Published October 04, 2002
NEW YORK – Many who heard the horrible news of the Montgomery County, Md., killing spree this week were all left asking the same question: What kind of person or people could commit such a heinous act?
Officials on Friday announced they were working quickly to answer that question and said a profile of the killer would be available by day's end. At the same time, officials also noted such descriptions could hardly be considered 100 percent accurate.
"A profile is not DNA," former FBI profiler Clinton Van Zandt told Fox News. "A profile is this living, breathing character of the shooter and the more information that develops, the better the profiler will be able to refine their profile."
The facts that are known suggest the killer picked his targets from a distance, and may have been an expert marksman.
"Someone knows their weaponry -- one can say that safely," said criminal profiler Pat Brown. "It’s unlikely his hobby is checkers and he just happens to have a gun in his closet … the people around this guy will know this guy had a pretty good obsession with weapons."
Experts say it is possible the killer was once in the military, or wanted to be, and may be obsessed with the military. Brown said the killer may also have Soldier of Fortune or other military-type magazines in his possession.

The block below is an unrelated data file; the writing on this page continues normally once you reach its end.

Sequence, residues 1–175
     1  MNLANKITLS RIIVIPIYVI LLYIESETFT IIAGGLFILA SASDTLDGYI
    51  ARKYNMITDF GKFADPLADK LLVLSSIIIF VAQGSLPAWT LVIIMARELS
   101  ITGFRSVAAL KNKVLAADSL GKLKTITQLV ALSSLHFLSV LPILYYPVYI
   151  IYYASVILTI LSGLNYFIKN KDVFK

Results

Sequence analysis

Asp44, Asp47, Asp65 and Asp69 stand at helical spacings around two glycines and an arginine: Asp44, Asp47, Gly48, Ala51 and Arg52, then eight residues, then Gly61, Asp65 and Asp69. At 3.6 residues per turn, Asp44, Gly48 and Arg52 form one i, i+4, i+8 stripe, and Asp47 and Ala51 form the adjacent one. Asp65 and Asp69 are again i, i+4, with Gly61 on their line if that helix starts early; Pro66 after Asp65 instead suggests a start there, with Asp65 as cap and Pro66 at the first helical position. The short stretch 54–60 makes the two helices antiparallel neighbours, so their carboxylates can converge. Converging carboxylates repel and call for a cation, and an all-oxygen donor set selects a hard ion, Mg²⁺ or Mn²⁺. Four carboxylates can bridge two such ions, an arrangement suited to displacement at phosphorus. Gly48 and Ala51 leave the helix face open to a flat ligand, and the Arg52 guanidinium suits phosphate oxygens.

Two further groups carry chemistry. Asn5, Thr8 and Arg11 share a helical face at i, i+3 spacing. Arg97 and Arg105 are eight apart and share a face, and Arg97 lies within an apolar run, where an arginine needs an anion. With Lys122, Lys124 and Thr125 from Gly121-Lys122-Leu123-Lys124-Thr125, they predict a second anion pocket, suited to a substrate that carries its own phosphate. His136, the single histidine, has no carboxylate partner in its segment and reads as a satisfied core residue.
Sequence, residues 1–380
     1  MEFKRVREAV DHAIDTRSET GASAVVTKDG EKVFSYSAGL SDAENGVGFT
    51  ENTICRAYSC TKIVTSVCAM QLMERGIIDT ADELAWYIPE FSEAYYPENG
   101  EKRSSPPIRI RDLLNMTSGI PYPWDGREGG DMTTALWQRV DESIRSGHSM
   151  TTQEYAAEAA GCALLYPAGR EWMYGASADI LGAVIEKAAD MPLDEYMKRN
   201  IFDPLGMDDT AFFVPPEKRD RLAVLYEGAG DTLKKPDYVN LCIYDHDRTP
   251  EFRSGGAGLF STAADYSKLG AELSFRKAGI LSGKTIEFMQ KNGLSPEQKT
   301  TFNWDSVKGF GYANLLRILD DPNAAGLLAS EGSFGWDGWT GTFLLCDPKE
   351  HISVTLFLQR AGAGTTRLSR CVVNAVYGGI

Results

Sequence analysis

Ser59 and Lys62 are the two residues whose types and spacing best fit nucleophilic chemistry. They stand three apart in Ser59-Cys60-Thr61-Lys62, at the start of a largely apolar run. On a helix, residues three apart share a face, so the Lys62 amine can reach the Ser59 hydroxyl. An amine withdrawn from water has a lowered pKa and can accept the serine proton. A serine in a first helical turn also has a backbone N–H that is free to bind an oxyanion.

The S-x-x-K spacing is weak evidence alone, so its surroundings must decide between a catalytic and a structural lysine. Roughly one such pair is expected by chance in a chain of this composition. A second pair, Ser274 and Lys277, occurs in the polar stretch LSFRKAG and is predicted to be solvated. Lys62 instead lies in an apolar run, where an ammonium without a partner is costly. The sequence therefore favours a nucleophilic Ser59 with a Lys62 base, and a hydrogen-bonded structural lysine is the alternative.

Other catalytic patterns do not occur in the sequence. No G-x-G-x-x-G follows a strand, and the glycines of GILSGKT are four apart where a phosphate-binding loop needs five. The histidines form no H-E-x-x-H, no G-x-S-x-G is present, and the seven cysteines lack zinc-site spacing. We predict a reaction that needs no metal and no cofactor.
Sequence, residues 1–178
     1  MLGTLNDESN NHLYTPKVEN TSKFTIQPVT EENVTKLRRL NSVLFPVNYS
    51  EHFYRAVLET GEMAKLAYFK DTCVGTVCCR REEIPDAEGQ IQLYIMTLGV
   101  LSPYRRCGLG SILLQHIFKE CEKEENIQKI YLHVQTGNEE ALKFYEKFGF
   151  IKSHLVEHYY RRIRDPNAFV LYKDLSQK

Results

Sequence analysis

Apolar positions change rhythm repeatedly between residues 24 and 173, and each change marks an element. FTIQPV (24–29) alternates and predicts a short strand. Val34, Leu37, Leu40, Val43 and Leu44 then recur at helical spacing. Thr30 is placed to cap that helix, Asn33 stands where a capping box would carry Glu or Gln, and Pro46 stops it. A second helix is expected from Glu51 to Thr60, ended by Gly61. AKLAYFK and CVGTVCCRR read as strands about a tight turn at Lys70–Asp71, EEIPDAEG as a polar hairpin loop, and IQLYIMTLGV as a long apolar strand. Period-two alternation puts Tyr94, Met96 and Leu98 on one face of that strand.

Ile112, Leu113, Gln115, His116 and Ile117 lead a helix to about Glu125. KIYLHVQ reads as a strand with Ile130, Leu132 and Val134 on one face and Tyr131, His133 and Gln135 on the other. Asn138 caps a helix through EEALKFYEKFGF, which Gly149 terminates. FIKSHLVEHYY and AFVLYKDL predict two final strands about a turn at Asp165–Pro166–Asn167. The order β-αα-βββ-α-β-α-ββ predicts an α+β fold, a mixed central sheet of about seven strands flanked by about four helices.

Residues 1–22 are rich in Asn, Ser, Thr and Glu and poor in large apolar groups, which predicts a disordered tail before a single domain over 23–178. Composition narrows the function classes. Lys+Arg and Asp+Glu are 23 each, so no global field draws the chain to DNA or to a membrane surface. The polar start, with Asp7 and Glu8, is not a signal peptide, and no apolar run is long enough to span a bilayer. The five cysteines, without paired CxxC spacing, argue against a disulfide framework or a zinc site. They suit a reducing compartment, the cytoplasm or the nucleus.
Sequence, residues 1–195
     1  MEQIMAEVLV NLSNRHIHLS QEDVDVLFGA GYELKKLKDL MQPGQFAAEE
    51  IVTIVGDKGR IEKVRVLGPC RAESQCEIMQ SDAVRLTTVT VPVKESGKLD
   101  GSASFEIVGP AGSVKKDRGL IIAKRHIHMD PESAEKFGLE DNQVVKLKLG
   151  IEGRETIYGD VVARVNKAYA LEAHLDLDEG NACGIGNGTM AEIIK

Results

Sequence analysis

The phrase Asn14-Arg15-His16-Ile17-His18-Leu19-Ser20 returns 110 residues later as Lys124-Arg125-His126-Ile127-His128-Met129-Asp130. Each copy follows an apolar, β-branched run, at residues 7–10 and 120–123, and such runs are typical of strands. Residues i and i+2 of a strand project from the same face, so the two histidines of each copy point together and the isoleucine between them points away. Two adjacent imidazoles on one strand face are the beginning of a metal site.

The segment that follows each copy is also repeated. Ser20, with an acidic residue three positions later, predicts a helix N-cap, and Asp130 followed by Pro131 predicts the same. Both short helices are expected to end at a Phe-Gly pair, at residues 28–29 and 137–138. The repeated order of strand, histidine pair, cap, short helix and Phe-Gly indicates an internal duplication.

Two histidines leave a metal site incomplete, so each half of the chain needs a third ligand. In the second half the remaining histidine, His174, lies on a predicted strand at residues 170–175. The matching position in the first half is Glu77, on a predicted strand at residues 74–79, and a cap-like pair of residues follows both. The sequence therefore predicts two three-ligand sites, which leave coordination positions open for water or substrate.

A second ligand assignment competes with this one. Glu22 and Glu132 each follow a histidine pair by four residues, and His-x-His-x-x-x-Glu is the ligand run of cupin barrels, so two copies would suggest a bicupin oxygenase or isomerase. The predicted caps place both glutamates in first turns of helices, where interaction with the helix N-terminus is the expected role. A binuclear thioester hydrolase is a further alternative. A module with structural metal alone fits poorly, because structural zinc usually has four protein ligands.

"He’s going to have a pretty darn strong interest in that," she said.
Van Zandt agreed that someone with military experience or a "military wannabe" may be worth looking at, particularly if more than one of the victims was shot in the head.
"That starts to suggest more in the military and law enforcement vein than the deer hunter type of vein," Van Zandt said. "That, in turn, would suggest an older person than the Columbine type of age group."
Because the killer was probably shooting from a distance, chances are more likely he may have acted alone, got out of the car, positioned himself and the gun, then took the shot. Crimes like this are usually committed by a slightly middle-aged loner who is trying, in his mind, to get rid of what he may consider "a problem," Brown said.
"Because they’re looking for someone who’s a darn fine shot, obviously, you’re not looking for a 17-year-old kid who bought a gun yesterday," she said.
Whatever the identity of the person or persons involved, experts said, they feared the spree of five killings would not be the last.
"Because they shot one person, disappeared for 12 hours, came back and did it all over again, there’s nothing that stops them from repeating that activity again," Van Zandt said. "This is chaos, it’s random, and we have to find the order in the chaos."